What if I told you that it’s possible to travel to all the places you want and learn skills you’ve always wanted to learn at the same time? What if I also told you it’s dirt cheap; as little as $400aud for 1 month? I would normally be sceptical and say that anything that sounds too good to be true usually is and has to be a scam. Well this isn’t!!!
Have you ever wanted to learn how to care for horses, how to be a famer and grow fruits and vegetables, run a hostel or campground, operate a boating business, learn or teach a language etc etc. Well it’s all possible with Workaway. All you need is a friendly helpful can do anything attitude, a plane ticket, and a dream.
First thing to do is write down your dream. One of ours was to live and learn to be a farmer on a finca in Mendoza. In case you don’t know, this is one of the most beautiful wine regions in the world!
Second is to work out when you’ll be there and contact the host, in advance is preferable to get the placement you want.
Finally go and live your dreams. This was ours…
After two months in Patagonia our travel savings were looking a bit worse for wear. Patagonia was much more expensive then anticipated and with Argentina’s currency massively inflated we had spent a lot more then we’d planned. The solution we decided was to do a workaway (www.workaway.info), so we set up a profile and contacted hosts in the Mendoza area of Argentina – the wine growing region. Doing a workaway here would mean we could live out our dream, save money and drink fine Argentine Malbec at the same time! Genius!
We received the thumbs up from one of the workaway hosts Orlando, a passionate Argentinian from a family of farmers producing grapes, garlic, maize and walnuts to name a few of the wonderful produce on his Finca (Spanish for Farm).
The farm was a 20 minute walk from the small town of Tupungato, an hour and a half by bus to the south of Mendoza city. The house was very basic – no hot water, no TV, and no wifi, but it had a well equipped kitchen with a very hot oven, an outdoor sink, and under cover eating area. Plus a farm full of fruits and vegetables at our disposal. December to March is a great time to be in this area as the harvests are bountiful and you will be eating juicy fruits straight from the tree. In the four weeks we stayed here we only spent about $400aud, and this was mainly on Argentinian wine 😉
During our workaway we also got to know some wonderful people; firstly the host Orlando and his wonderful family, secondly other workawayers, and thirdly many locals around the town. We spent the first week with a Swiss girl before a boy from Germany arrived. Towards the end of our stay a French couple with a two year old girl came as well. We also shared the finca with a family of dogs – the one eyed father “Pirate”, the mum and their two pups Nieve (snow) and Graso (fatty). There was also three hens and a beautiful yet territorial rooster that attackd us both numerous times. We had to resort to carrying around a stick in defense, and Orlando would put him into “prison” if he was too naughty.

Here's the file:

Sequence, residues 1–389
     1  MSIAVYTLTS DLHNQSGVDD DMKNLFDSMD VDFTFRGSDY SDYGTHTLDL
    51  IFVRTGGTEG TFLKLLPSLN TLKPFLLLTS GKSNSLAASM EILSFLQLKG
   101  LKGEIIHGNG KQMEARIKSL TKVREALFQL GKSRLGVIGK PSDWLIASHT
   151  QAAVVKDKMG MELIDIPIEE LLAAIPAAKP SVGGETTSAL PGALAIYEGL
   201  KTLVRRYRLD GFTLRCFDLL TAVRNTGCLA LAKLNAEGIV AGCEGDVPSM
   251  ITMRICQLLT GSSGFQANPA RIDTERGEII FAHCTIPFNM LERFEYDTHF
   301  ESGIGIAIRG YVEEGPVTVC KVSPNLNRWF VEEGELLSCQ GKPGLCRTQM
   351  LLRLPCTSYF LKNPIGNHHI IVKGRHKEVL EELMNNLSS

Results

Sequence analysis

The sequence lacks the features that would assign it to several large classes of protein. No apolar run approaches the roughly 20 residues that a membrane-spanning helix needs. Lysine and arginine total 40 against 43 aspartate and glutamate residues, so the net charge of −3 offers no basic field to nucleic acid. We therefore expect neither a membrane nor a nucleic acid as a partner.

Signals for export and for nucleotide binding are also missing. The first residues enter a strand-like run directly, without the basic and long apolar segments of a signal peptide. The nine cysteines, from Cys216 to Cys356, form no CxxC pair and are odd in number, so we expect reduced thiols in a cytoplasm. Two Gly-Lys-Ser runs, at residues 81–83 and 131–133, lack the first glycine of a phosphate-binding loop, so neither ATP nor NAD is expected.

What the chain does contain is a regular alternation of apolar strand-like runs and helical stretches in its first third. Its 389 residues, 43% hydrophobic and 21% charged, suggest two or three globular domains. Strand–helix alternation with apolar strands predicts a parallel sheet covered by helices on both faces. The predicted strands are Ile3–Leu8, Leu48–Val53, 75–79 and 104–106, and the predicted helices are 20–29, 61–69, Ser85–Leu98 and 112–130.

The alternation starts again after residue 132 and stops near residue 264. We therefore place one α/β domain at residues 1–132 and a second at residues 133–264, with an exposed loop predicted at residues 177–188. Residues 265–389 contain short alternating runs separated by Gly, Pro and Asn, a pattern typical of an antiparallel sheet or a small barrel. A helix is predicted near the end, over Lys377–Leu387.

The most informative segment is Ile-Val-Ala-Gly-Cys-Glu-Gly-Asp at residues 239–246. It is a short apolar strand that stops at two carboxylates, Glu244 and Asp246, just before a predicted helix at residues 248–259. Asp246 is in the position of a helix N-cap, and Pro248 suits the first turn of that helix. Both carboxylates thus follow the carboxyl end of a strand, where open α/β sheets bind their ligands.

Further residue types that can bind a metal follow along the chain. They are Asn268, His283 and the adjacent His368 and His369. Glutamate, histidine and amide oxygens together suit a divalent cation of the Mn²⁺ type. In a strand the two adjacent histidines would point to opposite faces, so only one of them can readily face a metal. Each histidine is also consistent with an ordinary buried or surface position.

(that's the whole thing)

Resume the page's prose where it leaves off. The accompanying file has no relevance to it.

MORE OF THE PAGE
Our mornings were spent helping on the farm, this included weeding using a hoe or machete, building climbing structures out of bamboo for the tomato and squash, driving the tractor, planting seeds, picking fruit, and spraying organic bug repellent. After four hours in the hot Andean sun, we would feast on the fresh produce and cook lunch with the staples that Orlando provided (flour, rice, pasta, and jars and jars of last year’s harvest of bottled tomato sauce and marmalades).
A siesta would follow, especially as the town of Tupungato took this very seriously and all shops would close from 1pm to 5pm each day. After 5pm, as the suns heat started to cool, we would make the 20 minute trek along a river lined with weeping willows to Tupungato town. The pandanaria always had fresh bread and we’d get a kilo for 15pesos, then to the supermarket for cheese, salami and of course wine. With our supplies we would walk to the centre of town to the most beautiful plaza to picnic and use the free wifi.
For such a small town there was also many many ice cream shops, which never closed. Even during siesta time, you could buy ice cream, even on public holidays and Christmas day, you could buy ice cream. Our favourite ice cream, as recommended by our German friend, was the Bon Bon Escoses from Grido Helado. At 10 pesos this treat is a bargain,
On our days off we also visited bodegas in the area, including:
Domain Bousquet – A relatively new organic winery. They do tours and tastings in English and Spanish and prices start from 80pesos for 3 wines – they are very generous with their tastings and the architecture of the winery is magnificent.
Mirador de Estrellas – The cellar door and shop is located in the town of Tupungato. They do a range of lovely wines as well as nuts, preserves and dried fruits. There is a beautiful garden to sit and taste the wines.
We also trekked into the Andes mountains from the small town of Manzano – 35km from Tupungato. If you can, get a ride to the guard station and then hike from there. This place is very scenic but much hotter to trek than southern Patagonia.
All in all we thoroughly enjoyed our first Workaway and would highly recommend this experience to anyone.